Preparing for the Worst: Texas National Guard Trains for Nuclear Attacks in BCS

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Preparing for the worst. It's what these men and women are doing in a city that is mangled and torn to shreds. It's called Disaster City and it's one of the premier training facilities of its kind.

"I've never been to a training facility like this," said Staff Sergeant Frank Holdiness.

Staff Sergeant Frank Holdiness is just one of more than 600 who are part of Joint Task Force 71--Thursday is a critical day. But first he must respond to a fictional scenario: A small single engine plane crashes into a stadium filled with thousands of people--spraying a hazardous chemical over the crowd. The building then collapses and people are trapped. How he responds is just one of the tests.

"There are lots of chemicals out there that people can't smell or taste," said Holdiness.

Sealed and suited up tight in the heat of the day to steer clear of nuclear or biological chemicals entering their bodies while simultaneously rescuing victims' trapped and injured. With America as a prime target for terrorist attacks, the Texas National Guard is being more vigilant, proactive and prepared."

"They're all thinking about it, our military and civilian agencies, the "what if's" they're trying not to let their guard down," said Adam Collett, Public Information Officer of Joint Task Force 71.

Holdiness and Collett are part of a homeland response force, known as HRF. Created by the Defense Department, HRF's are a key capability in the National Guard.

They are the first on scene in major chemical, biological, radiological or nuclear incidences across the country. Their most recent deployment was the industrial plant fire in Waxahachie, near Dallas. These response efforts should not only suppress fear and despair, but help to combat the grim results from war games targeting the U.S. In a real scenario, HRF's are expected to arrive at the scene of a major attack or disaster within six to 12 hours--which is much quicker than the response from today's premier disaster response units.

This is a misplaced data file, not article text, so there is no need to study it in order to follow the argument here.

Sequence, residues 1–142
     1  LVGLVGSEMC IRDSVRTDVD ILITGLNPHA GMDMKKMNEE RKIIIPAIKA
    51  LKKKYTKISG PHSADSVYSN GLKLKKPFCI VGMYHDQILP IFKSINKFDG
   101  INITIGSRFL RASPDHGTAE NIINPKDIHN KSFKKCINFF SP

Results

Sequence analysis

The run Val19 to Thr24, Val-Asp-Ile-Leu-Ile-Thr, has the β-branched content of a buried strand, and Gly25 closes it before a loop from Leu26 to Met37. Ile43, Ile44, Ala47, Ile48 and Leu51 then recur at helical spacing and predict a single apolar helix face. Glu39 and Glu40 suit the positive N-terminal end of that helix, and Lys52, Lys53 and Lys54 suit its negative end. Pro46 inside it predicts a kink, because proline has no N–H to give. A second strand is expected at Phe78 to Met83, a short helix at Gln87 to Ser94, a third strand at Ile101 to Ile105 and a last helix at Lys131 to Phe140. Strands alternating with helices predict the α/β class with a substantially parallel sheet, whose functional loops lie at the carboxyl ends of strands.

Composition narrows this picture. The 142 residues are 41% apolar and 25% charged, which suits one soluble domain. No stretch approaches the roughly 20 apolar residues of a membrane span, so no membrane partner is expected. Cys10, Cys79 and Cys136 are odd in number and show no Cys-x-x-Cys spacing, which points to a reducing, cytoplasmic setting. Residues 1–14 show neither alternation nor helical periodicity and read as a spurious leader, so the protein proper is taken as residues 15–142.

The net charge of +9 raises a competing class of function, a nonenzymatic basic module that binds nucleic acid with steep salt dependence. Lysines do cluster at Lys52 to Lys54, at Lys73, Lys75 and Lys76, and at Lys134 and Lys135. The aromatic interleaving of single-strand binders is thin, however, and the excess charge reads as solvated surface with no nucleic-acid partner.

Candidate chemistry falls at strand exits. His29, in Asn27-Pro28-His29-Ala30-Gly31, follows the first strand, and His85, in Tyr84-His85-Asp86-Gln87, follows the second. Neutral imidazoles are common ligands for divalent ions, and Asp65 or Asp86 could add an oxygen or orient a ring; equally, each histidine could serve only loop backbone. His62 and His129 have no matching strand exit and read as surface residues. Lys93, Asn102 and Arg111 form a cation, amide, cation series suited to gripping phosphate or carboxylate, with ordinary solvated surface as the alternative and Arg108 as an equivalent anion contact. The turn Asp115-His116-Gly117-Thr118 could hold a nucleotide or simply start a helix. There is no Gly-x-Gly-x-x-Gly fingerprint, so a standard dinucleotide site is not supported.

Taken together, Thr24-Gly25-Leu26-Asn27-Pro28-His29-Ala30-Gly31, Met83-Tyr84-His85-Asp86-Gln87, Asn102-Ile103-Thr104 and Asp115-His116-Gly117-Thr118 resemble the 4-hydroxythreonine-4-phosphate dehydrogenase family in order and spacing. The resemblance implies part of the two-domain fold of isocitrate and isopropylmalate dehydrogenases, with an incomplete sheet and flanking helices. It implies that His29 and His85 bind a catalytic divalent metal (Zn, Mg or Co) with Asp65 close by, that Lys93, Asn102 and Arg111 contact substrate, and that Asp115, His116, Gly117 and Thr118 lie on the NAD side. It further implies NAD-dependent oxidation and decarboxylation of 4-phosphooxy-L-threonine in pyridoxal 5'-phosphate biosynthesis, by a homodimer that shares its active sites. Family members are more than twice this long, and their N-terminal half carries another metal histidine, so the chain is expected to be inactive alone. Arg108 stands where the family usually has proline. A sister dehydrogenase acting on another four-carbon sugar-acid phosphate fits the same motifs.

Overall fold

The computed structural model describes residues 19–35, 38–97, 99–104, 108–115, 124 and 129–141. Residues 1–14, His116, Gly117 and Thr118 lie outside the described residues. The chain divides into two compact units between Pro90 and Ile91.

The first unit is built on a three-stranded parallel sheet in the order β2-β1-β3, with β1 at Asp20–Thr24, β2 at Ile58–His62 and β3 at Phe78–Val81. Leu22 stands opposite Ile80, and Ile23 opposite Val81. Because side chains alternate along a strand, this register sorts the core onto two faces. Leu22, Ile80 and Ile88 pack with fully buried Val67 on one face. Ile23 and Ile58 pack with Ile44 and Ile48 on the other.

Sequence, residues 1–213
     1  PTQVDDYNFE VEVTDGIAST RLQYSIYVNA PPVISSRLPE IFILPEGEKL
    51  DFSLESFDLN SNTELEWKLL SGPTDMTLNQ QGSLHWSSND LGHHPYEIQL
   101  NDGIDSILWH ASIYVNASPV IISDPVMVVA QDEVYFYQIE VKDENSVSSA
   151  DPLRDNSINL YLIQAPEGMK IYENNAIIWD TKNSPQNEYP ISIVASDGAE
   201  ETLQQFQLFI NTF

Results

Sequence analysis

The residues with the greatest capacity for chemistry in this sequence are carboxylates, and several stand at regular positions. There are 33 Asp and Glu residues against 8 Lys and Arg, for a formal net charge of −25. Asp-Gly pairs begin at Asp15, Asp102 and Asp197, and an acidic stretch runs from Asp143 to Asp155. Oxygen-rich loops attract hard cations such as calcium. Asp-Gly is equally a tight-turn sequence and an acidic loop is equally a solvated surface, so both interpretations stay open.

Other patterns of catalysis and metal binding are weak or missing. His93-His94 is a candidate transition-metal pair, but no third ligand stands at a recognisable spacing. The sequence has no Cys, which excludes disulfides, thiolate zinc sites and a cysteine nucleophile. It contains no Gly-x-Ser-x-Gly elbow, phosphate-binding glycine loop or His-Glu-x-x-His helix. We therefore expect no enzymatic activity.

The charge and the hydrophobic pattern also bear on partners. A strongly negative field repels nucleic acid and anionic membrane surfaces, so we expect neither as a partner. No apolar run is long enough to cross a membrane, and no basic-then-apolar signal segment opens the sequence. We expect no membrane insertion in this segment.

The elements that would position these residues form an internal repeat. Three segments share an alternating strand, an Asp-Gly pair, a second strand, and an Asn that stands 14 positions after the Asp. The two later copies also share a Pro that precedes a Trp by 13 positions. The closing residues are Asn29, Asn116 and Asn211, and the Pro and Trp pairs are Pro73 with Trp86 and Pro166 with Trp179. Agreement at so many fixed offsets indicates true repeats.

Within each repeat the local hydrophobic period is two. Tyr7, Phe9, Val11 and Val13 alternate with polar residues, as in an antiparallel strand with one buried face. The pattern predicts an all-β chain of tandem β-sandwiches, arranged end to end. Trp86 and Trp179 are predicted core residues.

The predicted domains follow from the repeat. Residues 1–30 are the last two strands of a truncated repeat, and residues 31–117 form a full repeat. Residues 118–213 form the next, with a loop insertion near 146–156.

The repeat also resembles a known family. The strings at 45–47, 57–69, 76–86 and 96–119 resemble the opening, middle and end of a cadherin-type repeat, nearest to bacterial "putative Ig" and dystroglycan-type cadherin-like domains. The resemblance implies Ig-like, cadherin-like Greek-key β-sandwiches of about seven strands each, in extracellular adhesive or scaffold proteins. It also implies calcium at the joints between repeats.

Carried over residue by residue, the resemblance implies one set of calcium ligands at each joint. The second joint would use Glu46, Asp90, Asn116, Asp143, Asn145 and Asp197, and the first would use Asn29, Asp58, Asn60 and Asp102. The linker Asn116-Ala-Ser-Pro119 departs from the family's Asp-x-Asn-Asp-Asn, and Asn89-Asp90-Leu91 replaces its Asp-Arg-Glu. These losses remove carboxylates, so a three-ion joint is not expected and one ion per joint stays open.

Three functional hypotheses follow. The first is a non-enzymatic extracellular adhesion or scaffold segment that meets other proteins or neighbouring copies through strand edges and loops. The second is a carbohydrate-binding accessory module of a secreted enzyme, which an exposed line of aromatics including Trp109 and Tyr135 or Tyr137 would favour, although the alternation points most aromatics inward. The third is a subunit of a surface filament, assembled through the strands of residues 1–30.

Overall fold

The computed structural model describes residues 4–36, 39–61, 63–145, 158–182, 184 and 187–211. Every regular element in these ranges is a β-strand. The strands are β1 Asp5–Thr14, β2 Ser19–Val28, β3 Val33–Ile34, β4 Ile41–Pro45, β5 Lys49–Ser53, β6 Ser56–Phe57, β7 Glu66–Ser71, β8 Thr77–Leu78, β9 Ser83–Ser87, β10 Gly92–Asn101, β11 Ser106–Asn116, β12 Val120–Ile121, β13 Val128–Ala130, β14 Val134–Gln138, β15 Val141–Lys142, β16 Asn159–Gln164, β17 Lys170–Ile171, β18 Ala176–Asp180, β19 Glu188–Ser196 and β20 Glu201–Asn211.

"The department of defense in 2010 charged the national guard bureau with the job of creating 10 task forces. Basically taking 10 existing National Guard Units and giving them equipment, training and create these teams that will be able to go out after an incident involving a variety of situations, but specializing in incidents that involve chemical, biological, radiological or nuclear material," explained Collett. "They are called out to augment the civilian led response to certain types of incidences."

"Hopefully it doesn't come to this, but we will utilize this and we'll be prepared," said Holdiness.

"These types of incidents have the capacity to impact our citizens here in Texas and even in the Brazos Valley. It's incredibly important that the civilian agencies that lead this effort and our military units to train hard, practice throughout the year so that in the hopefully, unlikely event that an incident like this happens, we're ready to go our there and help save lives and mitigate suffering after these kinds of incidences," added Collett.

A lot of the skills we have here are perishable. Our ropes, our high rescue, breaching techniques, learning new equipment that comes out.

Each HRF is to contain nearly 570 soldiers and airmen, including more than 140 fulltime personnel.